I have to say, though, that Counting the Cost wasn’t blocked or plotted or outlined. It’s based on family history, and it came to me as a gift, fully formed. I only had to sit down at the keyboard and it forced its way out my fingers into a rough draft. A very rough draft. It still needed lots of rewriting, but that’s the nature of the craft.

C.S.: Do you ever experience a snag in a story, a form of writer’s block? If so, how do you deal with it?

LIZ: I’ve never had writer’s block. I’ve had fallow times when I didn’t have much of a desire to write a story, but I’ve found that’s one of the natural rhythms of my life. I think it’s a necessary recharging time. When the time comes to write, if I make the effort and sit down in front of the keyboard, I know the story will flow.

C.S.: Do you need absolute quiet to write? Do you listen to music when you are writing?

LIZ: I’m mother of seven. I’ve learned that I can tune out anything. However, I prefer quiet.

C.S.: What kinds of inspiration do you use during your story creation periods?

LIZ: Everything becomes an inspiration: my life, other people’s lives, the newspaper, someone standing in line in front of me at the supermarket. I’m like a sponge, soaking up sights, sounds, inflections, smells, situations. It’s all fodder.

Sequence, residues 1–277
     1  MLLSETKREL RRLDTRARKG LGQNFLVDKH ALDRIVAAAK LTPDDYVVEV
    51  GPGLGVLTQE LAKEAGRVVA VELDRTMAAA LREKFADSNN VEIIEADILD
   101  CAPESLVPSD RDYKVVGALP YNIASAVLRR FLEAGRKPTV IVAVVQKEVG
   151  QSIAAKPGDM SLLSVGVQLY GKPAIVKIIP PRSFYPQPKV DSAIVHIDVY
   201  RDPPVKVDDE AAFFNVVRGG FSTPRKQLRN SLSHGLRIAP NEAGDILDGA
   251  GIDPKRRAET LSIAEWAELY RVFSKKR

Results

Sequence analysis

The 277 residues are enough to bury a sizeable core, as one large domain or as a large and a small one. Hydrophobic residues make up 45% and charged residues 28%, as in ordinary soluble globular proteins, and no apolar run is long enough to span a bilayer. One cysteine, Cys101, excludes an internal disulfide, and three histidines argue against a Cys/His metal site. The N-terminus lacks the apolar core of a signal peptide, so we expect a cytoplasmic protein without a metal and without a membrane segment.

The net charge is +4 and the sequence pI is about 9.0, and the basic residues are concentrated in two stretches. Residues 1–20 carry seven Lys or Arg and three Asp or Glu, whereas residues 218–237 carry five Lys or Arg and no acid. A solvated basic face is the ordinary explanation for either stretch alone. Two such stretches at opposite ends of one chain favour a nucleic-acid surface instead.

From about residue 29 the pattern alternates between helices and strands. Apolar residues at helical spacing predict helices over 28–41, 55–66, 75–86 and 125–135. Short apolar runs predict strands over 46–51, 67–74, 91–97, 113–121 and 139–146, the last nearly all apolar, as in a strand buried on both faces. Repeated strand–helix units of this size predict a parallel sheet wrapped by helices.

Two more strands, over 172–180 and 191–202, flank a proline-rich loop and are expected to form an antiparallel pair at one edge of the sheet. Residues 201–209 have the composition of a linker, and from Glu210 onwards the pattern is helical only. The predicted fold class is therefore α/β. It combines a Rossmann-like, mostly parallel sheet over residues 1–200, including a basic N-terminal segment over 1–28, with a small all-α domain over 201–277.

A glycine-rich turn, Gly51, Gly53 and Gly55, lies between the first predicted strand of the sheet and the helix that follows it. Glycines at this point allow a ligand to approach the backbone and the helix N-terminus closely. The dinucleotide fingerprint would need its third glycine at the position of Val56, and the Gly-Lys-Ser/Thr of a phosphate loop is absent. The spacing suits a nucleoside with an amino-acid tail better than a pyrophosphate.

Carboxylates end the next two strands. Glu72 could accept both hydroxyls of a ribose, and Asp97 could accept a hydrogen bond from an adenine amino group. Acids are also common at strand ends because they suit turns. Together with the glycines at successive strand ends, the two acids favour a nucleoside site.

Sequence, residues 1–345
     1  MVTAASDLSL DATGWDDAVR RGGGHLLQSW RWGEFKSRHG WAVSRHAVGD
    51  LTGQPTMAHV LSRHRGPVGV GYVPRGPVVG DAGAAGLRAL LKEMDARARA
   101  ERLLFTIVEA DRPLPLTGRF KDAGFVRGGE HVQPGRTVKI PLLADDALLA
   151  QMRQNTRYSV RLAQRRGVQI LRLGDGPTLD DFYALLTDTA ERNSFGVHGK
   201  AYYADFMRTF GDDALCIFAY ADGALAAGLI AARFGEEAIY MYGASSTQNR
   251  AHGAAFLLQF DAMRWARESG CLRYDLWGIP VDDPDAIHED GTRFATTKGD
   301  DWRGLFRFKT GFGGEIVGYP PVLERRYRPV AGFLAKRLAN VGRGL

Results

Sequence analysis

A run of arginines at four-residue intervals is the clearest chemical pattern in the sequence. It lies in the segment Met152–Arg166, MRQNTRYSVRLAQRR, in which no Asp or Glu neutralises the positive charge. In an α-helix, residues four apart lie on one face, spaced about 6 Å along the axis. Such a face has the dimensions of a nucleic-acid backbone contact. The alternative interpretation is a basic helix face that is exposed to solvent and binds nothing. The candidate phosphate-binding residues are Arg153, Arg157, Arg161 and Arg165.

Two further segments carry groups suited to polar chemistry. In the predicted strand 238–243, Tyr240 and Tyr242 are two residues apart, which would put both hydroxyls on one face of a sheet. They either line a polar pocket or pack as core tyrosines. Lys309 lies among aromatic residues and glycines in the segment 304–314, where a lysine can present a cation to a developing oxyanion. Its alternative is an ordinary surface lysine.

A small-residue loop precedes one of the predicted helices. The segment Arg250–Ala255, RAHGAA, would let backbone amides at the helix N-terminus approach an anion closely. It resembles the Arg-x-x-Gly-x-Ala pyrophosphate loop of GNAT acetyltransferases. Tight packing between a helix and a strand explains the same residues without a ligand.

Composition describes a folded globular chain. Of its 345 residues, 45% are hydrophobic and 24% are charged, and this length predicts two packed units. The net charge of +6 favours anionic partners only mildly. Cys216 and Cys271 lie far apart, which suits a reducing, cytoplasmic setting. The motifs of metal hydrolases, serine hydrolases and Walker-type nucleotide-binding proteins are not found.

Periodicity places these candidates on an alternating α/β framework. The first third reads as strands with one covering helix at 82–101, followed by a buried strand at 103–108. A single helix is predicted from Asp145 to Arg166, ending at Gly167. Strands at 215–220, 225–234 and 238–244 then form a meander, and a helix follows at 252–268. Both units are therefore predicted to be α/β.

C.S.: Who has made the greatest difference for you as a writer?

LIZ: My husband. He has always believed in me and has done what he could to support my writing. I remember, when I first got serious about writing, it was just before PC’s became common. My portable electric typewriter was a wreck, and he got me a new correcting typewriter for Christmas. It strained the budget, but I was very grateful.

C.S.: Do you use a critique group during the writing process? Why or why not?

LIZ: I haven’t used a critique group yet, because I am only now learning about how a good critique group operates. My shower is my critique group. I write more by feel than by thinking, and if something isn’t quite right, it will niggle at the back of my mind for days until, one day, in the shower, the way to fix it will come to me.

I do ask willing members of my writing group (ANWA—American Night Writers Association) to read my manuscript and make suggestions. What generous ladies they are, to take the time to do that for me. I get excellent feedback from them, and I can then do a final rewrite.

C.S.: Any final words you would like to share?

LIZ: I would say to young mothers who want to write and are feeling hamstrung (or apronstrung) because of the children: there will be plenty of time to write when the children are gone. Enjoy them now, for they are with you but a moment. You will never be sorry you pushed writing to the back burner and focused on your family.

C.S.: Wise words indeed. Where can our readers go to find your books and order them?

LIZ: The Spider Latham Mysteries (The Lodger, After Goliath and Snakewater Affair) are out of print, but can be bought used from Amazon. The Mist of Quarry Harbor is available at Deseret Book, and my new book, Counting the Cost is can be found at Amazon.com and from the publisher at www.Inglestonepublishing.com

Also, Lucy Shook’s Letters from Afghanistan is available at www.lettersfromafghanistan.com Sales from this book benefit SWAN (Serving Women Across Nations, http://www.swanforhumanity.org). Part of the price of Counting the Cost goes to SWAN, as well.